Bangko Sentral ng Pilipinas

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Seal of the Bangko Sentral ng Pilipinas

Estabished: January 3,1949
Re-Established: July 3, 1993
Governor: Amando M. Tetangco, Jr.

The Bangko Sentral ng Pilipinas (BSP, translated as Central Bank of the Philippines) is the central bank of the Republic of the Philippines. It was rechartered on July 3, 1993, pursuant to the provisions of the 1987 Philippine Constitution and the New Central Bank Act of 1993. The BSP was established on January 3, 1949, as the country’s central monetary authority.

In 1900, the First Philippine Commission passed Act No. 52, which placed all banks under the Bureau of the Treasury and authorizing the Insular Treasurer to supervise and examine banks and all banking activity. In 1929, the Department of Finance, through the Bureau of Banking, took over bank supervision.

By 1933, a group of Filipinos had conceptualized a central bank for the Philippines. It came up with the rudiments of a bill for the establishment of a central bank after a careful study of the economic provisions of the Hare-Hawes-Cutting Act, which would grant Philippine independence after 12 years, but reserving military and naval bases for the United States and imposing tariffs and quotas on Philippine exports. However, the Hare-Hawes-Cutting Act would be rejected by the Senate of the Philippines at the urging of Manuel L. Quezon. The Senate then advocated a new bill that won US President Franklin D. Roosevelt's support. This would be the Tydings-McDuffie Act, which would grant Philippine independence on July 4, 1946. During the Commonwealth period, there was continued discussion about a Philippine central bank that would promote price stability and economic growth. The country’s monetary system then was administered by the Department of Finance and the National Treasury. The Philippines was on the exchange standard using the US dollar, which was backed by 100 percent gold reserve, as the standard currency.

In 1939, as required by the Tydings-McDuffie Act, the Philippine legislature passed a law establishing a central bank. As it was a monetary law, it required the approval of the US President; Roosevelt did not give his. A second law was passed in 1944, during the Japanese occupation, but the arrival of the American liberation forces aborted its implementation. Shortly after President Manuel Roxas assumed office in 1946, he instructed Finance Secretary Miguel Cuaderno, Sr. to draw up a charter for a central bank. The establishment of a monetary authority became imperative a year later as a result of the findings of the Joint Philippine-American Finance Commission chaired by Cuaderno. The Commission, which studied Philippine financial, monetary, and fiscal problems in 1947, recommended a shift from the dollar exchange standard to a managed currency system. A central bank was necessary to implement the proposed shift to the new system.

former seal of BSP.

Roxas then created the Central Bank Council to prepare the charter of a proposed monetary authority. It was submitted to Congress in February 1948. By June of the same year, the newly-proclaimed President Elpidio Quirino, who succeeded President Roxas, affixed his signature on Republic Act (RA) No. 265, the Central Bank Act of 1948. On January 3, 1949, the Central Bank of the Philippines was formall inaugurated with Miguel Cuaderno, Sr. as the first governor. The main duties and responsibilities of the Central Bank were to promote economic development and maintain internal and external monetary stability.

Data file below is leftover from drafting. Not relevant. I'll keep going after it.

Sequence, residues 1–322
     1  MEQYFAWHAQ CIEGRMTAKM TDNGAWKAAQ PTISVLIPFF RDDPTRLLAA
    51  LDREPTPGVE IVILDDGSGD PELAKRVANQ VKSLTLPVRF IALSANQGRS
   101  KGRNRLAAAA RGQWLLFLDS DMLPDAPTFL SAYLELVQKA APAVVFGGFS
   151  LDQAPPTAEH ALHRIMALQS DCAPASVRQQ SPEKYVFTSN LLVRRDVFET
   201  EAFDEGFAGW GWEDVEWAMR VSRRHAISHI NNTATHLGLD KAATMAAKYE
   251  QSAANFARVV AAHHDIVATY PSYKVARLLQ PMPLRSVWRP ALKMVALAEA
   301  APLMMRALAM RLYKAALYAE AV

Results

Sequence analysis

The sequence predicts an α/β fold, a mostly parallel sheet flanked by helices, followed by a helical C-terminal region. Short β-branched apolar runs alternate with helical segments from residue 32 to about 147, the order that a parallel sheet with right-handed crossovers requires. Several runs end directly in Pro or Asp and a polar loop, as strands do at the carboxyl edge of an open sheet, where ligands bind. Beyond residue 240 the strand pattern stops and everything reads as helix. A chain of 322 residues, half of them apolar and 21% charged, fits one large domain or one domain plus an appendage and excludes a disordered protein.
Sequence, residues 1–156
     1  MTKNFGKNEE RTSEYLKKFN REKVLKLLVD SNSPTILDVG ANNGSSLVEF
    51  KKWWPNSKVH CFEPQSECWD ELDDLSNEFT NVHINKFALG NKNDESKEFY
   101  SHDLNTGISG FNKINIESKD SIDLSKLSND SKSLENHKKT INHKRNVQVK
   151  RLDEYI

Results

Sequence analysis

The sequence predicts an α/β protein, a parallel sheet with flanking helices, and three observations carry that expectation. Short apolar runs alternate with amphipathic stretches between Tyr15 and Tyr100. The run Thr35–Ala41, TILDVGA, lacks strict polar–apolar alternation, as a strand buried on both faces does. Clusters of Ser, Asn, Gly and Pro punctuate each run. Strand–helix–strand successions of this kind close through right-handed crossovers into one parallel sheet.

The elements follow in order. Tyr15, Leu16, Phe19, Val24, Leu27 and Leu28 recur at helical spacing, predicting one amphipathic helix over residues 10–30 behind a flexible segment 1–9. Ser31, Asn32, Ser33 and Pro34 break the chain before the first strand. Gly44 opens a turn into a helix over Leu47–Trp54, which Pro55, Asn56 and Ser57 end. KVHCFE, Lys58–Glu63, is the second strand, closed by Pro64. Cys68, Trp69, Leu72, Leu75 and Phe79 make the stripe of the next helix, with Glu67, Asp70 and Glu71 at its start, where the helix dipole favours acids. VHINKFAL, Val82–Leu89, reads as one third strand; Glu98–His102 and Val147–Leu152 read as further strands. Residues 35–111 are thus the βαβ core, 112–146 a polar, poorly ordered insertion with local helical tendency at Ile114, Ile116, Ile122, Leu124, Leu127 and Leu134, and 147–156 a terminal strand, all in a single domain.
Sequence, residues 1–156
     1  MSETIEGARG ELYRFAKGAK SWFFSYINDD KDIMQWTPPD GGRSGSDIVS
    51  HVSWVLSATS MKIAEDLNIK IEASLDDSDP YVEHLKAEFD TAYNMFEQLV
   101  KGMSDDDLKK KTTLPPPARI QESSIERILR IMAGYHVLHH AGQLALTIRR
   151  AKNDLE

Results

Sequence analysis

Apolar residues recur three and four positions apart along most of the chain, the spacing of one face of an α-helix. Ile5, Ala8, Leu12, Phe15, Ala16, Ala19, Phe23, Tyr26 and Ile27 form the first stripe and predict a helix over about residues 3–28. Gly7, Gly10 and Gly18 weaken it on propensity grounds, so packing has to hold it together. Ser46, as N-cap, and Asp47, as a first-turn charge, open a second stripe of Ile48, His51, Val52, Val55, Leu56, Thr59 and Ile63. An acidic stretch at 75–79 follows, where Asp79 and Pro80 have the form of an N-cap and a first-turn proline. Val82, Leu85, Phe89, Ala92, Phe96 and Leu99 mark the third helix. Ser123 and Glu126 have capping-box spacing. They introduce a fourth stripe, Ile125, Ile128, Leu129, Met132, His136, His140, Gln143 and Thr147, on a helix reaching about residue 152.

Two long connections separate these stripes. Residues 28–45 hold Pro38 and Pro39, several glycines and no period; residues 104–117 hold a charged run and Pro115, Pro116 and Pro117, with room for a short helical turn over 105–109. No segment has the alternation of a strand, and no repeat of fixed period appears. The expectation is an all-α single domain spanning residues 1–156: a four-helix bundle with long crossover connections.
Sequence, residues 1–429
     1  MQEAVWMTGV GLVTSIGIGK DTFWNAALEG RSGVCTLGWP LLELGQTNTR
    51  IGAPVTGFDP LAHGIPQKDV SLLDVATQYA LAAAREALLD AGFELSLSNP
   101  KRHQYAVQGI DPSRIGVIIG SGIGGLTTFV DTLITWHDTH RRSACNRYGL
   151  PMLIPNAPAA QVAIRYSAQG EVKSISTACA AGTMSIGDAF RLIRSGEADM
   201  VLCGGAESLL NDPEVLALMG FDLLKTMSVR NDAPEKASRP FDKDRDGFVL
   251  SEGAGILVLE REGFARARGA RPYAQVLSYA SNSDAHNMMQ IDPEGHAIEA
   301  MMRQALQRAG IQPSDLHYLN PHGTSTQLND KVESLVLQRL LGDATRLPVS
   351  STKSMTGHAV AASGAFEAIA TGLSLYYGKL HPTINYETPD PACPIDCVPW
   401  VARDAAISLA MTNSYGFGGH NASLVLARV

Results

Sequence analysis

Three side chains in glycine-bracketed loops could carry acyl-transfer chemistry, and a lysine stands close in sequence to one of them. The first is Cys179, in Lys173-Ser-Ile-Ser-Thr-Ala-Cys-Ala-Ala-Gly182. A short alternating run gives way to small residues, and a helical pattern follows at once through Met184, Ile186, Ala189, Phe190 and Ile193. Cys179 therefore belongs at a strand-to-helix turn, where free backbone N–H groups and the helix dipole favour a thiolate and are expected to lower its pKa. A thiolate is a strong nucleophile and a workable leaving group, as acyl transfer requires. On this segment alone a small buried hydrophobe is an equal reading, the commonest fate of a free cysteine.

Over the years, changes were introduced to make the charter more responsive to the needs of the economy. On 29 November 1972, Ferdinand Marcos's Presidential Decree No. 72 amdended Republic Act No. 265, emphasizing the maintenance of domestic and international monetary stability as the primary objective of the Central Bank. The Bank's authority was also expanded to include regulation of the entire financial system of the Philippines and not just supervision of the banking system. In 1981, RA 265, as amended, was further improved to strengthen the financial system, among the changes was the increase in the capitalization of the Central Bank from Ps10 million to Ps10 billion.

In the 1973 Constitution, the Interim Batasang Pambansa (National Assembly) was mandated to establish an independent central monetary authority. Later, Presidential Decree No. 1801 designated the Central Bank of the Philippines as the central monetary authority (CMA). Years later, the 1987 Constitution adopted the CMA provisions from the 1973 Constitution that were aimed essentially at establishing an independent monetary authority through increased capitalization and greater private sector representation in the Monetary Board.

In accordance with a provision in the 1987 Constitution, President Fidel V. Ramos signed Republic Act No. 7653, otherwise known as the New Central Bank Act, into law on 14 June 1993. The law provided for the establishment of an independent monetary authority to be known as the Bangko Sentral ng Pilipinas, its primary objective being the maintenance of price stability. This objective was only implied in the old Central Bank charter. The law also gave the Bangko Sentral fiscal and administrative autonomy which the old Central Bank did not have. On 3 July 1993, the New Central Bank Act took effect.


Roles and responsibilities

As prescribed by the New Central Bank Act, the main functions of the Bangko Sentral are:

  1. Liquidity Management, by formulating and implementing monetary policy aimed at influencing money supply, consistent with its primary objective to maintain price stability,
  2. Currency issue; the BSP has the exclusive power to issue the national currency. All notes and coins issued by the BSP are fully guaranteed by the Government and are considered legal tender for all private and public debts,